All opinions expressed are solely my own and do not represent those of my employer or any other organizations.
In a recent discussion, the topic was broached regarding violence in video games and opinions regarding whether acts against specific minorities or otherwise marginalized groups should be allowed. The argument being that such acts perpetuate a mentality that promotes or rewards such behavior and as such, should be banned from sale or distribution.
While I in no way condone acts of violence to ANYONE let alone against marginalized groups, I do have to say that I stand by the idea that it should not be up to the judiciary of the government to enact laws making them the sole arbiters or what is decent or appropriate for sale or consumption.
In July 2005, in an attempt to protect minors from the dangerous impact of certain video games, the State of Illinois enacted Public Act 94-0135, the Illinois Sexually Explicit Video Game Law, which was comprised of the Violent Video Game Law (VVGL) and the Sexually Explicit Video Game Law (SEVGL).
The day after enactment, the plaintiffs filed suit in the United States District Court for the Northern District of Illinois, facially challenging the constitutionality of both the VVGL and the SEVGL. The plaintiffs are associations representing video game manufacturers and retailers. The defendants are the Governor of Illinois, the Illinois Attorney General, and the State’s Attorney for Cook County (collectively, “the State”). The plaintiffs are all participants in the video game industry’s ratings system-the Entertainment Software Rating Board (“ESRB”), which rates games on the basis of the maturity/age for which the game is appropriate. At the outset of the litigation the plaintiffs moved for a preliminary injunction and the defendants moved to dismiss. The motion to dismiss was denied.
In addition to the detailed rating system, the ESRB’s Advertising Review Council (ARC) has developed a list of Principles and Guidelines designed to provide responsible advertising practices by the video game industry. ARC is also responsible for responding to concerns or complaints raised by consumers regarding the marketing of video games. Would these self-imposed “controls” insulate the industry from legislative action designed to protect minors from sexually explicit depictions?
The district court stayed consideration of the motion for a preliminary injunction and held a three-day trial. Relevant to the SEVGL, during the trial, the State introduced screen shots from three games: (1) Grand Theft Auto: San Andreas, (2) Leisure Suit Larry: Magna Cum Laude, and (3) The Guy Game: Uncut and Uncensored. Parts of these games feature various images that the State alleges are covered by the law, ranging from digital drawings of exposed breasts to digital animations of sex acts.
The plaintiffs introduced the game God of War, a game which takes place in ancient Greece and roughly tracks Homeric themes, as evidence of a benign game which was unconstitutionally criminalized by the law. In God of War, a single scene depicts two bare-chested women in Ancient Greece. The plaintiffs allege that the scene featuring the bare-chested women is critical to the game as it marks the point at which the character rejects the temptations of the physical realm to focus on his mission.”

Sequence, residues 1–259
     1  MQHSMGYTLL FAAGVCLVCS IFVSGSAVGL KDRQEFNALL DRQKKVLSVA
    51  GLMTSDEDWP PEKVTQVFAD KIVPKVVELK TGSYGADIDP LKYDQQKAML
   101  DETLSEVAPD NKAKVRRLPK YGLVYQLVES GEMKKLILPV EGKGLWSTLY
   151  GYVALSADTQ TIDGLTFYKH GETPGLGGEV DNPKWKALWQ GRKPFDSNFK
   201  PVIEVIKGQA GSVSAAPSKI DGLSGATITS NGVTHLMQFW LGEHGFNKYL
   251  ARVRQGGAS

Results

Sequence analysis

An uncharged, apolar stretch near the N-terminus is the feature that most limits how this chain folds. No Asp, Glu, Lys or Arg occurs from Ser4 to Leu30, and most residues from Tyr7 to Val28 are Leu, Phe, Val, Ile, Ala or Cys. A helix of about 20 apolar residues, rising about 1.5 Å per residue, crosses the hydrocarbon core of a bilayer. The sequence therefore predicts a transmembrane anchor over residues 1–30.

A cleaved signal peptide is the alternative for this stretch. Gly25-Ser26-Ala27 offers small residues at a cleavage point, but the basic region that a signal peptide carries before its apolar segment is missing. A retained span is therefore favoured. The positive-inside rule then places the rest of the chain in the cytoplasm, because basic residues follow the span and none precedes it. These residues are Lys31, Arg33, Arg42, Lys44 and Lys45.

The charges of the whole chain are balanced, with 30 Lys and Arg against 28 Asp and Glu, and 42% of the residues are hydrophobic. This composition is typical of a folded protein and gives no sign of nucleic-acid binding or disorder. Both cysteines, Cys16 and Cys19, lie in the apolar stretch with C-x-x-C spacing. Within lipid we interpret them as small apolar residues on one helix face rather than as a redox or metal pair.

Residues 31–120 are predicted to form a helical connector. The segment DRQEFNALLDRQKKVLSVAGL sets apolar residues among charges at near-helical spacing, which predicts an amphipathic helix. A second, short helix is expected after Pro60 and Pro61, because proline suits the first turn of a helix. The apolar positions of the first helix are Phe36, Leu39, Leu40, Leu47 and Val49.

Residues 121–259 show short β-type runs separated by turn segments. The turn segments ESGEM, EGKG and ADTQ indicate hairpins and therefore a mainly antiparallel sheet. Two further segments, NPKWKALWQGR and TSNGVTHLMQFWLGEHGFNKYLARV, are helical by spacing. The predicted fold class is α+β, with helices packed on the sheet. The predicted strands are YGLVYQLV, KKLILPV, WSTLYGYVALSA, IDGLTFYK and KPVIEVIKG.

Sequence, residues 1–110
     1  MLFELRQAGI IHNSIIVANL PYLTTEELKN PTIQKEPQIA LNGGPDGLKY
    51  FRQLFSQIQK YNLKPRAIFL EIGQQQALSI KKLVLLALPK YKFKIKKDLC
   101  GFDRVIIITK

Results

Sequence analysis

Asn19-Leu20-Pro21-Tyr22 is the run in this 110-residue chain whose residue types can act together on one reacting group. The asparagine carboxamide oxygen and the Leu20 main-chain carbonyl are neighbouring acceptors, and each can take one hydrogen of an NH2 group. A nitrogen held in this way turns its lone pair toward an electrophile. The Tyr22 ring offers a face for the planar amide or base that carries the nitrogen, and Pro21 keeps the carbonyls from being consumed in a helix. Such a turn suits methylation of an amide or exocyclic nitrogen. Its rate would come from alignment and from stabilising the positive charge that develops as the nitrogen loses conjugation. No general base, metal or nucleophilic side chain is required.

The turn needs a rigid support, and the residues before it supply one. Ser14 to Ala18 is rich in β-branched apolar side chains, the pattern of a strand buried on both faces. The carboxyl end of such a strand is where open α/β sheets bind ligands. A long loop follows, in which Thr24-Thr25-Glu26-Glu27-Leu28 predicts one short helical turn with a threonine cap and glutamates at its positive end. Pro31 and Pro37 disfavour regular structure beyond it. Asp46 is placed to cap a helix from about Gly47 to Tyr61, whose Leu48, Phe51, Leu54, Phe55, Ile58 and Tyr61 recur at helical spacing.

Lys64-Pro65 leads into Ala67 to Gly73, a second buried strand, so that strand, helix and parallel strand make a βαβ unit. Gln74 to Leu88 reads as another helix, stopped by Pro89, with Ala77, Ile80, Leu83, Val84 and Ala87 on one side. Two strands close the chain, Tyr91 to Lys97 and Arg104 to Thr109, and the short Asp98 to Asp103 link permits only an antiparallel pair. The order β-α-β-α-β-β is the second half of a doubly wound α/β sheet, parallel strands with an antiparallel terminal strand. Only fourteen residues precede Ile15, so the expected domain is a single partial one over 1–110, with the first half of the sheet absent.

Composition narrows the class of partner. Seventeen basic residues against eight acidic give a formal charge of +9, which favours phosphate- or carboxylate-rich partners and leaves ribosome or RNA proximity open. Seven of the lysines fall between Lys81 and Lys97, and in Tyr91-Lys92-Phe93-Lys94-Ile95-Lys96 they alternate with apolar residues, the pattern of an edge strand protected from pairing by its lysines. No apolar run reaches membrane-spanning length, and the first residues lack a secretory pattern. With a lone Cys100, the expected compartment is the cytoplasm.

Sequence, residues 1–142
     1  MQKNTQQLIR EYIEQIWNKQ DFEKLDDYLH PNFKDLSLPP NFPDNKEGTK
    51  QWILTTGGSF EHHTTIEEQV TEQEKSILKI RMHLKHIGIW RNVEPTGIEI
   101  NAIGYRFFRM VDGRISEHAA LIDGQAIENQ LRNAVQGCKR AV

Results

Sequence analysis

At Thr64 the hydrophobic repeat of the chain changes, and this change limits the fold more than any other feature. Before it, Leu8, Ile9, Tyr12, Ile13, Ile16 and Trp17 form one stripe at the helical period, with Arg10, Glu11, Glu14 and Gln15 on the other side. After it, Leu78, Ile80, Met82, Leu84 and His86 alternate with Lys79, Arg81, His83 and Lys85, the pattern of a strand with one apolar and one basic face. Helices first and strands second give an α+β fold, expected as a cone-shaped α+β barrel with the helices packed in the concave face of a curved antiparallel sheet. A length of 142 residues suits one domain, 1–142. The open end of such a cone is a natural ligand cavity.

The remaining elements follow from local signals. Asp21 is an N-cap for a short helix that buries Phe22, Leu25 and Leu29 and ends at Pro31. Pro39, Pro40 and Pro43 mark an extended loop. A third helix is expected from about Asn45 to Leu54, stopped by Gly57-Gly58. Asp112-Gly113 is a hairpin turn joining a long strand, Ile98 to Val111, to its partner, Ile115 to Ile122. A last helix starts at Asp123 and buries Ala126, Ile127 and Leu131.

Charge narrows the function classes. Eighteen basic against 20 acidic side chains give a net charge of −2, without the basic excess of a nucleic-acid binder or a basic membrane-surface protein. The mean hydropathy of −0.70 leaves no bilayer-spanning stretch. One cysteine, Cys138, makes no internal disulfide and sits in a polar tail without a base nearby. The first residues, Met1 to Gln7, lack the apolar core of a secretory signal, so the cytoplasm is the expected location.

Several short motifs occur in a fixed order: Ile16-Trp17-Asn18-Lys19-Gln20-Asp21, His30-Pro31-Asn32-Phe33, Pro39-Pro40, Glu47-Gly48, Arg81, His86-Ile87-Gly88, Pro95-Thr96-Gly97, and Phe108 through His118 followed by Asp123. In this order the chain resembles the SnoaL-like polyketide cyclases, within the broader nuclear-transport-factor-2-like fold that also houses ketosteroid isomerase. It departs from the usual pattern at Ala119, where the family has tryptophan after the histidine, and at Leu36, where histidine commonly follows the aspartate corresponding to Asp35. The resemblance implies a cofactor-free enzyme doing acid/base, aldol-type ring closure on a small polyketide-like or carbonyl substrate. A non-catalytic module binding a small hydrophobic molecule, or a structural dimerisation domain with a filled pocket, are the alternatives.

At the conclusion of the trial, the district court issued a permanent injunction against enforcement of the law and the State of Illinois filed an appeal.
Companies that DO expect global distribution still willingly censor or re-make content that might not be appropriate on a per-region basis (skeletons, decapitation, violence, nudity) but that is mostly to not isolate their demographic and reach a broader audience and thus higher sales.
Race and Social Inequality
Most companies are not willing to take any kind of significant risk though, especially when it comes to sensitive topics such as racism; however, some do take a bold stance to break down social stigma and feature otherwise marginalized groups.
By discussing such topics and depicting the user in such a manner, we actually do the opposite of re-enforcing it, we instead put the player in the shoes of the character. They get to see how it feels to be on the receiving end of such hatred
The question again though is whether or not the state or government should be allowed to censor content that it finds has no redeeming qualities. If taken out of context, the story of Lincoln Clay in Mafia III could easily be misconstrued as displaying negative values but the reality is the story is actually finely crafted and nuanced, as any good story should be, and based on the beliefs of the region at the time. Taking any kind of closer look reveals the depth of the narrative.
As an industry we already have a manner of self-regulating via the ESRB/PEGI and other such organizations world-wide that have proven effective at informing and educating the public about any content in titles that might be considered not suitable for minors. Despite that, major corporations and distributers have routinely blocked brick-and-mortar sales of mature content; however thanks in part to the the rise of digital distribution, game makers are less likely to be held financially hostage by companies with conservative social policies and if they are, still have other viable means of distribution.
As elected officials, we do grant our government a certain measure of power, however we do not give them the ability to act as mediator and gate keeper for any kind of content that a judge deems “utterly without redeeming social importance.”